One idea on which everyone can agree, in other words, is that schools shape society. The reason so many of us spend so much energy on school reform is precisely because we think it matters. For some conservatives in the twentieth century, teaching kids evolution was dangerous because it threatened to take away their moral and religious compass. For others, teaching kids about sex was a bad idea because it tended to unhinge their self-control. And for yet others, teaching kids socialist ideas was obviously terrible because it would lead to the corruption of their morals and of the entire society.

OTR COVER

You can fix schools all you want, but you can’t fix the outcomes…

Last night, the Hawaii students shared stories that helped puncture those school-reform assumptions. One student, for example, reported that he came to the realization that he was conservative in high school. He was guided to that realization by his favorite teacher. At first, I assumed that the teacher was a conservative, too, and inspired the student by reading Hayek and Burke and smoking a pipe. In fact, the student told us, his favorite teacher was a heart-on-her-sleeve liberal. She taught social studies in a progressive way, one that hoped to help students examine their own ideas and decide questions for themselves. In the student’s case, that meant he came to the realization that his ideas were apparently “conservative.” The left-y teacher, in other words, didn’t indoctrinate this student into leftism, but precisely the opposite.

Another Hawaii student told a very different story. She only realized that she was a liberal when she was teaching Sunday school at her church. The goal was to help young people deepen their religious faith, but it had the opposite effect on her. Instead of becoming more religious, teaching Sunday school convinced this student that her church was full of hooey.

What’s the takeaway? Once we hear the stories, it seems pretty obvious. School doesn’t really work the way we sometimes think it will. No matter what our politics, we can’t control the future of our students by teaching them X or Y or by keeping them away from Z or A. Students are not predictable, programmable outputs. They have their own ideas and backgrounds and sometimes our best-laid plans at shaping America’s future will come out in ways we didn’t predict.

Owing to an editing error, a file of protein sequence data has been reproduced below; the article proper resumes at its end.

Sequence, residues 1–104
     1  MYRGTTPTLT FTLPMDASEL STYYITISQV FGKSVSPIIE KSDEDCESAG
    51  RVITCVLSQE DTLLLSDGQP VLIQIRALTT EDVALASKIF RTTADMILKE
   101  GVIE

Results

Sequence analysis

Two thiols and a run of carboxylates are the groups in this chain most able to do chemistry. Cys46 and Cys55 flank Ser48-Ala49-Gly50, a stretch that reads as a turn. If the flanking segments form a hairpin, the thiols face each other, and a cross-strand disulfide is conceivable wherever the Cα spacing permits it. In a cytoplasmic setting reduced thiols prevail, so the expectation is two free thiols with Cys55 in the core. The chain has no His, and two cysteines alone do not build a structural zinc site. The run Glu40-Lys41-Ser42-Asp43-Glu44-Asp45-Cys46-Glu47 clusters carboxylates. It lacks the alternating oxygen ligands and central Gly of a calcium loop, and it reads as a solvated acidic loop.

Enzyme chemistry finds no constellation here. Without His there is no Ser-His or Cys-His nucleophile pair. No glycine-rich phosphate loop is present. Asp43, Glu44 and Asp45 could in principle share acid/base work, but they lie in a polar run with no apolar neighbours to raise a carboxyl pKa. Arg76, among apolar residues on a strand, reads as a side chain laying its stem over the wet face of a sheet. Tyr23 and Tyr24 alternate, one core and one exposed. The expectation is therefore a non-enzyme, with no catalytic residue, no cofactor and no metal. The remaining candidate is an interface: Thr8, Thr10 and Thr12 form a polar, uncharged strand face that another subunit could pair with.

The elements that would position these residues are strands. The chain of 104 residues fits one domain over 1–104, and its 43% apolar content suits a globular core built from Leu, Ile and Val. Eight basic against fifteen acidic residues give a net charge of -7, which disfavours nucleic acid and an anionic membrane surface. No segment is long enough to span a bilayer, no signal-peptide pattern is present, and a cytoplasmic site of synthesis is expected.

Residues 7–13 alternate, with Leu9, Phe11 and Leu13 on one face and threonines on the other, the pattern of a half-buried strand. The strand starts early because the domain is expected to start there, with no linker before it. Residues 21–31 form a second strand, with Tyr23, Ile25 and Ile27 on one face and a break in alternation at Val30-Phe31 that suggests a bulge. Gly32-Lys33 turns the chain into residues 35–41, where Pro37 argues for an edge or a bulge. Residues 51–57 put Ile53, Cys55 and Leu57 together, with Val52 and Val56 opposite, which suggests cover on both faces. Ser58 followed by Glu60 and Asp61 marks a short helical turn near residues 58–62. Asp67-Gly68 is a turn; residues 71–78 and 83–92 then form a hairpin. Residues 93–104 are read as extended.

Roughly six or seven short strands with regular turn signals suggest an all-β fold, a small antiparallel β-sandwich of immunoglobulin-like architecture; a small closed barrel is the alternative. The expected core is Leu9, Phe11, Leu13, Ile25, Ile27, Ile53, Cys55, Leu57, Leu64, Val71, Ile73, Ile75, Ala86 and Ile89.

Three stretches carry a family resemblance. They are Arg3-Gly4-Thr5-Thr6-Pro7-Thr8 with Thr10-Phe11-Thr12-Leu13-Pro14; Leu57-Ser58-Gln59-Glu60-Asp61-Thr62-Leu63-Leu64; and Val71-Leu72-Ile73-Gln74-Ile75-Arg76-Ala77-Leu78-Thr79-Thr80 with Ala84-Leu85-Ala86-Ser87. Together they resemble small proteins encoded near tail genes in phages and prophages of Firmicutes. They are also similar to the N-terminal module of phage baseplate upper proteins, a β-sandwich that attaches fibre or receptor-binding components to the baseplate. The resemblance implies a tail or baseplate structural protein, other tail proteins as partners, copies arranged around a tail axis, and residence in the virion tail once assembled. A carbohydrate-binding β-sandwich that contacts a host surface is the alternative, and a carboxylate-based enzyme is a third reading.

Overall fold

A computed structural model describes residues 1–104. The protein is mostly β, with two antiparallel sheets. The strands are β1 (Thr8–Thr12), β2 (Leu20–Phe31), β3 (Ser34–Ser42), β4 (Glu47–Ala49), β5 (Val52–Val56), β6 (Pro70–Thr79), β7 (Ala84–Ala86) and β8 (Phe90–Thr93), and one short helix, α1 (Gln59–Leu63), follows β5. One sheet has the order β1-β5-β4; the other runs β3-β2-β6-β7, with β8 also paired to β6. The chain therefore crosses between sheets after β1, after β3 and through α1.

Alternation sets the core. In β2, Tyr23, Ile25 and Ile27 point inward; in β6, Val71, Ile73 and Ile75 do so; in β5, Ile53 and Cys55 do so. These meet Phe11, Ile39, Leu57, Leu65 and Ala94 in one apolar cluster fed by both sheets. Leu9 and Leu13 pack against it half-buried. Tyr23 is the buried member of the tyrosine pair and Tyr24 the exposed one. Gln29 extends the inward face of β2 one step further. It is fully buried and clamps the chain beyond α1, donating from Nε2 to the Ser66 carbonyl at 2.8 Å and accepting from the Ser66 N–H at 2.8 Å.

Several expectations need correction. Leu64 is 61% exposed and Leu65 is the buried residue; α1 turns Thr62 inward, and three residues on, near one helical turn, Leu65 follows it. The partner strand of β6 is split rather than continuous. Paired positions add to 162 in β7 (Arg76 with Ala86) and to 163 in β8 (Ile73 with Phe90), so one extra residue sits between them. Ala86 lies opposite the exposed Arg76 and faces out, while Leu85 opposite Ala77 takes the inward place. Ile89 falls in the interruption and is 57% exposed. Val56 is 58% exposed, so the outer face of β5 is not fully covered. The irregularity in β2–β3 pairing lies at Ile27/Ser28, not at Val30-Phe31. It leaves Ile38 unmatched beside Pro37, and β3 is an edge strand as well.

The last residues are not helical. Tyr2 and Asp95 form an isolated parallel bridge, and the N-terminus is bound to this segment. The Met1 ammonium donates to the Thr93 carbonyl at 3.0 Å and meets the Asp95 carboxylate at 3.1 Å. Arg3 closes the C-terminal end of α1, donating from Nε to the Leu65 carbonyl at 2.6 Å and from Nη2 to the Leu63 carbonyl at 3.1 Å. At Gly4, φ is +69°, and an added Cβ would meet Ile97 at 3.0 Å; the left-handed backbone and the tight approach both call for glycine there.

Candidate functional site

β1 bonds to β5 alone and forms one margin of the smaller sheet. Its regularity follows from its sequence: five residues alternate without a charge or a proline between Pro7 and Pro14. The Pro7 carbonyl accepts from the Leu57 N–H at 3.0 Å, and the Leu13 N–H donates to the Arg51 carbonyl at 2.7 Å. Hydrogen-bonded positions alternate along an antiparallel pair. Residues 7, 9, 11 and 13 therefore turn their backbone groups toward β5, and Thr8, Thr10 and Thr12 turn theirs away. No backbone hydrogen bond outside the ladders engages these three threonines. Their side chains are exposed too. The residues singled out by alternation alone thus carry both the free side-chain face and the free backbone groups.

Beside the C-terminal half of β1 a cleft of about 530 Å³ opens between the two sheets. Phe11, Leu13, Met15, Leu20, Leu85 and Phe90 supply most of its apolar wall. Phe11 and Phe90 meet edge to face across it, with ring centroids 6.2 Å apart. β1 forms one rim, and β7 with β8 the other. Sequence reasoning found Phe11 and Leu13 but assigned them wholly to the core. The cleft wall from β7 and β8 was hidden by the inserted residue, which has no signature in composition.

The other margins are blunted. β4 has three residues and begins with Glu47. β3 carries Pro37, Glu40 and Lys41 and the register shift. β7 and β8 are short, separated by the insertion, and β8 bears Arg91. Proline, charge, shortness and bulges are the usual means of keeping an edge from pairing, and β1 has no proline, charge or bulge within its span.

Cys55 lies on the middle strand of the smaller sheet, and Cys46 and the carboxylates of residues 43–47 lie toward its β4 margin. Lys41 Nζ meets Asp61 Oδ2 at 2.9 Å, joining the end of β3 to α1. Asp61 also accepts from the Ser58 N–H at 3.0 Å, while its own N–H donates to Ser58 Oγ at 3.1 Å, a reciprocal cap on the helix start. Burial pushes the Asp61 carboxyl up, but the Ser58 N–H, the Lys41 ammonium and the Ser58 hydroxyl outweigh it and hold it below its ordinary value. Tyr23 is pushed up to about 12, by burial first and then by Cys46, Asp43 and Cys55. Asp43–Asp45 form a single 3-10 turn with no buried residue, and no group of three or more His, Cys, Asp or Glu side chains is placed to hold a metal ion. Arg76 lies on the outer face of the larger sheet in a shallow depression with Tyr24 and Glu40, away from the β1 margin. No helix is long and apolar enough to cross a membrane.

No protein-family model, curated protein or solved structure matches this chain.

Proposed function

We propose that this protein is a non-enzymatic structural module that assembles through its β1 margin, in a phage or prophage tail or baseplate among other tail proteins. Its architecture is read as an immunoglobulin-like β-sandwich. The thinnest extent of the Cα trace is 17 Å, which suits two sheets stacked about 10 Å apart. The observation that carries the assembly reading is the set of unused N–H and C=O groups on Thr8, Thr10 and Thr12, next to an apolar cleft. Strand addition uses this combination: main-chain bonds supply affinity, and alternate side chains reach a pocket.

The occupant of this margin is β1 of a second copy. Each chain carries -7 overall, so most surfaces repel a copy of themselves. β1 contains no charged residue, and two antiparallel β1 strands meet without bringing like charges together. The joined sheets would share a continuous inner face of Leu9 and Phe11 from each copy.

What’s Wrong with White Privilege?

You’ve probably heard about it by now. In my adopted home state of Wisconsin, a school district has effectively banned teachers and students from talking about white privilege. Why? With all the hot-button issues that could roil a school district—prayer, sex, school shootings, bullying—why is this issue so heated?

Here’s what we know: A week or so ago, Oconomowoc residents erupted in anger over a student-initiated program. The students had hoped to teach their fellows about the concept of white privilege. Due to parent anger, the principal is out and schools are officially banned from teaching white privilege except in classes dedicated to teaching white privilege.privilege test

The students had asked their fellows to complete a privilege survey created by the National Civil Rights Museum. Students were asked if they felt comfortable going into stores, if they thought people in power would look like them, if they had been taught to fear walking alone at night, if their schools had good resources, and other pointed questions.

The goal, as the survey explained, was to help students notice the ways they have experienced privilege. As the survey put it,

In the United States, there has been a history where people have been privileged to exercise all of their rights while others have not. So what happens to people who do not have privileges because of their race, creed, religion, gender, sexual orientation, class, ability or veteran status?

So far, so good. For the record, I applaud these students and their supporters for trying to help themselves understand the ways American society really works.privilege test 1

Not everyone does. In Oconomowoc, Wisconsin, this exercise proved extremely provocative. Parents absolutely refused to have their kids talk about these questions in school. They ousted the high-school principal and banned further talk of white privilege.

This robust anger leads us to our question for the day: Why do some people feel so angry about these questions? Why do they feel a need to ban them from their children?

I have a hunch and I’ll be curious to hear what SAGLRROILYBYGTH think.